Contributing Editor Annie Turner looks at some of the market and technology moves around network automation over recent weeks.
Telstra is claiming a world first is on the way – a suite of 5G Standalone automated and orchestrated services for enterprises. Ericsson says the two companies have stepped out of the lab “to deploy an automated standards-based network slicing service orchestration capability in the commercial network, using Ericsson Orchestration and Ericsson Inventory”.
New functions include: interworking with fully automated 5G network slicing; Local Packet Gateway which provides enterprise customers with on-site local data breakout; and 5G enterprise routers with network slicing capabilities, delivered by the Ericsson unit Cradlepoint.
With the 5G RAN and dual-mode 5G Core, Telstra should be able to offer enterprise customers differentiated services that deliver assured networ nk characteristics such as throughput, latency and resilience for digitised operations and processes.
And all that Jazz
Pakistan’s 4G operator, Jazz, has chosen Juniper Networks to build an expanded and upgraded data centre network to underpin Jazz’s services delivery platform for its 74.9 million subscribers. Jazz’s objective was to refresh its architectural approach, leveraging continuous automation, assurance and data-driven insights to deliver a better network user experience, at scale, while simplifying operations.
Jazz chose Juniper after a rigorous technology appraisal that focused on the operational and cost efficiencies made possible by network automation. According to the press release, “Juniper’s advanced automation capabilities, transforming the entire network management lifecycle process within a single system, were a standout in the market”.
Automation is the future
In early September, BT gave a progress report on its ambitious plans, outlined in summer 2021, to modernise its infrastructure. It reckons it can shave £500 million off its operating costs by getting rid of a long list networks and services based on legacy technologies by the end of the decade, with overall network running costs reduced by about 30%.
In a media session at its new London HQ, BT’s CTO Howard Watson said, “There remains a real challenge to earn a return on capital and we are a very infrastructure-intensive business and technology lifecycles are actually quite short”. BT’s Chief Architect, Neil McRae, added, “The future is about automation and network capability where you need it. With legacy that is not possible, and we want to shut that down.”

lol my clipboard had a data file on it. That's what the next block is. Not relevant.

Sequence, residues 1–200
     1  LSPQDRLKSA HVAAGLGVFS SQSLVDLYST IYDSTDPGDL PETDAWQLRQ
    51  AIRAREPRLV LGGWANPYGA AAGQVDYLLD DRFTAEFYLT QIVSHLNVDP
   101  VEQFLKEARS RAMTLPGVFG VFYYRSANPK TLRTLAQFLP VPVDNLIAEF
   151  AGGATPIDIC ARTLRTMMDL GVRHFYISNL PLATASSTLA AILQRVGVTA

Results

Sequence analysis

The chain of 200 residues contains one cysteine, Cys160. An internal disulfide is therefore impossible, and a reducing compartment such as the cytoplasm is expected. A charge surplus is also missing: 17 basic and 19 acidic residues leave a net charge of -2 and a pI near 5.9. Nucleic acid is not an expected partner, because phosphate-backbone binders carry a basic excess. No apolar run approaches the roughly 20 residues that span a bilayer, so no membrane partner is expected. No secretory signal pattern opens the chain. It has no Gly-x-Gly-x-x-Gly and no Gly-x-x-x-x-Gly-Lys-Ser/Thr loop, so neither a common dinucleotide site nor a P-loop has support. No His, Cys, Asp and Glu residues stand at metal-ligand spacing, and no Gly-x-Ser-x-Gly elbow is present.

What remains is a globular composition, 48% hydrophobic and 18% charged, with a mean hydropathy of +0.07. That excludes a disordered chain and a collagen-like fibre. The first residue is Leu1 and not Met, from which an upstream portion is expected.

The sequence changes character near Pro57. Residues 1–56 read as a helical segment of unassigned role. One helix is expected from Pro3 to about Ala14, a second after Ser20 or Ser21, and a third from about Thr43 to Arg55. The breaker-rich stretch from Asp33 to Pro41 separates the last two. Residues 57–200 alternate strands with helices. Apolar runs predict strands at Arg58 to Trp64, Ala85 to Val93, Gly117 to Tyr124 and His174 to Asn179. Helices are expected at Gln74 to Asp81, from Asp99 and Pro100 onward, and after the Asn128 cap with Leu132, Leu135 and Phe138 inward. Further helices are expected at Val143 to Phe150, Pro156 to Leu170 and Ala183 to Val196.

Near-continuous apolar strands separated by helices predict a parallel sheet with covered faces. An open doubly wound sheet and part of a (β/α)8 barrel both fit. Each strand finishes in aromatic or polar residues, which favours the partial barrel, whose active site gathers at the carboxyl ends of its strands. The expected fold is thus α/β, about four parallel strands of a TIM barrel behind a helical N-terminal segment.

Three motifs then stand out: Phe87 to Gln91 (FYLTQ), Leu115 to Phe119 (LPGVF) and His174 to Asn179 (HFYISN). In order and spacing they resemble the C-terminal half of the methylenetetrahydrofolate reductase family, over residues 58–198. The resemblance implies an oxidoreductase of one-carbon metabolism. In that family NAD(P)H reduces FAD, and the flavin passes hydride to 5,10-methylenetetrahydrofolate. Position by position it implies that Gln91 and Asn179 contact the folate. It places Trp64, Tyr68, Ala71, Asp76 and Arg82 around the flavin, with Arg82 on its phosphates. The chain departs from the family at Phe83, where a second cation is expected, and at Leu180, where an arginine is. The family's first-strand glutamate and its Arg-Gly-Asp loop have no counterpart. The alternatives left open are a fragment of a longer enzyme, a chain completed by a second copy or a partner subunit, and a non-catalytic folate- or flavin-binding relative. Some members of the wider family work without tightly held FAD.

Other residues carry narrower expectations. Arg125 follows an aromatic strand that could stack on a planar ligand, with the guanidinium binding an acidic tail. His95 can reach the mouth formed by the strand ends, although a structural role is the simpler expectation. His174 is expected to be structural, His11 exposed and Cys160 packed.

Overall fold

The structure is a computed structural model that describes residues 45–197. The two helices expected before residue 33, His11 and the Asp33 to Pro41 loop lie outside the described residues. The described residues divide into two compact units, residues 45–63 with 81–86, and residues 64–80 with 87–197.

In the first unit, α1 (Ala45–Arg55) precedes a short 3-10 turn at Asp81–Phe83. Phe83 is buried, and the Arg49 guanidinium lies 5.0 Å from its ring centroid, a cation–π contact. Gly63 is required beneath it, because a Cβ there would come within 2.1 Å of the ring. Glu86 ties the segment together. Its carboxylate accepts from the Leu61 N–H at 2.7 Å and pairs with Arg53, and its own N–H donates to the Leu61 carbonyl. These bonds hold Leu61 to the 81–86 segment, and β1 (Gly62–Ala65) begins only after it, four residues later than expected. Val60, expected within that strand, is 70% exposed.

Still growth in BSS/OSS
Omdia’s practice leader, James Crawshaw, said he expects the telco IT market to exceed $40 billion by 2027, up from more than $30 billion in 2021. He explained that although BSS/OSS are seen as mature technologies, parts of that market thrived during the pandemic as service providers invested in better automation and customer experience for those platforms.
In particular he noted that over the last year, Amdocs, has enjoyed 8% organic growth, up from 2% where it had been for some years, and even that had been driven by acquisition to some extent. He also cited Netcracker’s success in this sphere, and Nokia and Ericsson’s significant presence, adding, “We try and work out what the revenues are of all of the major players and there’s a long tail…we track…or estimate the revenues of around 100 companies, but it’s really the top 10 that make up probably 40% of the revenue…that’s we get to for our estimate about $30 billion [now].”
Google Cloud joins TM Forum
Just in time for TM Forum’s Digital Transformation World in Copenhagen, Denmark, Google Cloud has joined the global association to help the telecoms industry unlock “growth and potential”. The hyperscaler is to work with the Forum and its members to realise the value of cloud-native automation in network evolution. This includes applying AI, like machine learning, to improve customers’ experience, and leveraging cloud computing to open new areas of growth and monetization.
Further, Google Cloud will work with the Forum’s members to help them “access a single source of truth around their data through better data management, automation, and data governance in multi-hybrid cloud environments”. This includes the two organisations demonstrating use cases that show how AI can optimise and modernise networks and helping to develop closed-loop APIs.
A different greenhouse effect
Vodafone has deployed a 5G private network at a Bayer greenhouse in Monheim, Germany, to improve its research into insecticides. The greenhouse covers 11,000 square meters and consists of 133 chambers, in each of which climatic conditions can be simulated with different temperatures and humidity, day lengths and so on. The network will support tools like autonomous robots, AI and digital imaging.
Alexander Saul, head of corporate customers at Vodafone Germany. “The basis for this is the 5G network with high bandwidths and extremely short response times to handle the amount of data generated transport and reliably maintain the flow of information.”
Autonomous robots can obtain knowledge about plants’ health quickly using AI and digital imaging via a series of 5G antennas that provide the greenhouse with a 5G Standalone connection, which Vodafone brands as 5G+.